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Old 03-22-2009, 03:15 AM   #1
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Default Barney Miller, The Legacy of a Simple Situation Comedy. 1975-1982


It’s hard to believe, but once upon a time Hal Linden an actor known mainly for musical drama headed a cast on a half hour situation comedy that had more impact on Police programs than any television series before or since.
The series was “Barney Miller” a situation comedy that over time became more of what I call a dramady, a dramatic series with moments of comedy thrown in.

Most police shows before “Barney Miller” were very white bread, all of the police officers were Anglos, rarely if ever did any of them have accents and the stories were very flat and one dimensional overall.

“Barney Miller” changed that forever, you had detectives who were elderly some were Puerto Rican others were not the smartest egg and others were extremely smart. Barney Miller had a rich diversity before diversity became a catch phrase.

It’s amazing when you look back at this ensemble cast, but “Barney Miller” actually had as much to do with the wealth of its’ supporting players as it did with its’ principle player.

Yes there had been “Hawaii Five-O” prior which had a mixed race cast, but “Barney Miller” took this construct and really played it out. Here are some descriptions, see if you recognize the character.

Articulate, varied interests Political activist acerbic and compassionate.

Articulate, fair in his actions did not like being stereotyped due to his race became a writer of the fictional book “Blood on the Badge”

Articulate, mature fatherly personality brusque occasionally tempted always in midst of struggles with his wife. Near retirement.

Not as Articulate, a poet who played the flute and who had a weakness for ladies of ill repute?

Articulate, very passionate about his life and distraught by having shot a suspect.

Articulate, Quiet to some degree, not as open about his past but always gave a person a fair chance.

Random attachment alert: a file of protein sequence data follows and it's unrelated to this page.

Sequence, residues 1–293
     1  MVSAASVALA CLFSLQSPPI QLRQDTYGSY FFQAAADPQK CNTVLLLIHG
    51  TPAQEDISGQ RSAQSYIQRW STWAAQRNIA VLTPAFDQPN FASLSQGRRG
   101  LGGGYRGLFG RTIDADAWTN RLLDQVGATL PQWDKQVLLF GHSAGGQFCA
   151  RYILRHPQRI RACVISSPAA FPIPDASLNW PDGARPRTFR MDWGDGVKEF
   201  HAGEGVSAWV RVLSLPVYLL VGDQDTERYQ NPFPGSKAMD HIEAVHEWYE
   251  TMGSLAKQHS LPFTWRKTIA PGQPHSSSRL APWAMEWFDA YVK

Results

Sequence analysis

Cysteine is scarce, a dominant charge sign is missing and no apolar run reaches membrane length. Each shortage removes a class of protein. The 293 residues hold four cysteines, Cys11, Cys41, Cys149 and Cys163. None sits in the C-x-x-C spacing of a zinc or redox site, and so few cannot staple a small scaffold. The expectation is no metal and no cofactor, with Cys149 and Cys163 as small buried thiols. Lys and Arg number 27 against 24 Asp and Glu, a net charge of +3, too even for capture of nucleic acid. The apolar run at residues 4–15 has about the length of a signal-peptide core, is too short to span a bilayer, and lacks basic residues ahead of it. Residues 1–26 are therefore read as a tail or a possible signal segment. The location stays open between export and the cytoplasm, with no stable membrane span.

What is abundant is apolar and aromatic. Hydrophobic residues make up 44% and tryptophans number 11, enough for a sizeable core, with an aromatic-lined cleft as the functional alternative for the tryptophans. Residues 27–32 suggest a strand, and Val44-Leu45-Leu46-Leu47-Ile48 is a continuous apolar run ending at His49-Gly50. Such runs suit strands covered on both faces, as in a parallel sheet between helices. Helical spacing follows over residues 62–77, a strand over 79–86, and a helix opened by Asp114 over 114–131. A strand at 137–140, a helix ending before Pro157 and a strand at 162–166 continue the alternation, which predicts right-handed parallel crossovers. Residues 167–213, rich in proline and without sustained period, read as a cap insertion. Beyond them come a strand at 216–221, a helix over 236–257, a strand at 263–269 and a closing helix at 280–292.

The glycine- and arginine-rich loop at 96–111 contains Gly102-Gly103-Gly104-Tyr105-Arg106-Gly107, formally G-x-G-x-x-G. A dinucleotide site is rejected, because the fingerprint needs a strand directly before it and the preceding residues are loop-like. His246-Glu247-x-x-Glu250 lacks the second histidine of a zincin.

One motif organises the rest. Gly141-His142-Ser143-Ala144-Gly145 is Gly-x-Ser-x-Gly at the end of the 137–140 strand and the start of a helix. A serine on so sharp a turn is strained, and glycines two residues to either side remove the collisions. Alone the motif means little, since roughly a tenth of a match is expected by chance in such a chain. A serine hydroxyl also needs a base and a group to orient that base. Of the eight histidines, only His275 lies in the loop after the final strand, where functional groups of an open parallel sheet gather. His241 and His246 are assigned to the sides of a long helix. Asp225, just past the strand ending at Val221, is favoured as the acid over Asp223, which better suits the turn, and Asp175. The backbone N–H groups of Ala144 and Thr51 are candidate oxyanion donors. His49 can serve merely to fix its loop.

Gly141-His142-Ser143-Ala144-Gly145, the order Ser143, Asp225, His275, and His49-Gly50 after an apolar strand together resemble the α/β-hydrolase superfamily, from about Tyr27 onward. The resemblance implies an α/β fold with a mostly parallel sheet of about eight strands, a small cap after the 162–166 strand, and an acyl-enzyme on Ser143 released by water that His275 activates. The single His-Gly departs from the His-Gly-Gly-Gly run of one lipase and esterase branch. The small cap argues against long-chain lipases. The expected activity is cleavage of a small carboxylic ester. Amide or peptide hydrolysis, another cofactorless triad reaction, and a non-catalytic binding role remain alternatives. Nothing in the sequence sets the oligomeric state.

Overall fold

Articulate Father figure, passionate and compassionate. Always trying to balance his duty with his squad to his relationship with his wife Liz and daughter Rachel.

Sarcastic protective, remembers a simpler time when police were respected and feared.

Sarcastic thought the worse of everyone, expected everyone to be on the take.

Sarcastic but articulate. Diminutive inquisitive and always working toward becoming a detective.

These were the principles in a series I have not seen in syndication since 2002. For whatever reason “Barney Miller” was pulled out of syndication in 2002 and has not aired anywhere since.

But back to what made this series memorable and a template for series that followed.

Unlike other police shows like “Hawaii Five-O” or “Dragnet” “Barney Miller” focused entirely on what happened inside the squad room of the 12th Precinct. Police shows had always shown the officers mostly in the field. Barney Miller was a show that picked up before and after an arrest.

In the six years that the series ran you had as many unusual people come through the squad room doors as inhabited the squad room.

You had people who believed that they were Werewolves, Vietnam Vets who struggled with Delayed Stress Syndrome a person who believed that they were the savior of the world.

There were people who were training to be in the Olympics although they were in their mid to late 30s. There were people with language difficulties and there were occasionally the lady of ill repute. This was just the tip of the iceberg of the unique people who came through the doors of the 12th Precinct.

When Jack Soo, who played Nick Yemanna , died the cast spent an entire episode recapping moments from past shows, and letting us know a little bit about who Jack Soo had been. As far as I can remember no television series before or since has done a tribute to one of their cast members who passed on. Although I think that perhaps "Night Court" may have done this.

Episodes were cut between the events of being a police officer and what happened in the personal lives of these people. We learned that Arthur Dietrich had been involved in protests against the Vietnam War as early as 1958. We learned that Carl Levitt had at one point been an informant for Internal Affairs, because he felt it was better if he did this than have a stranger.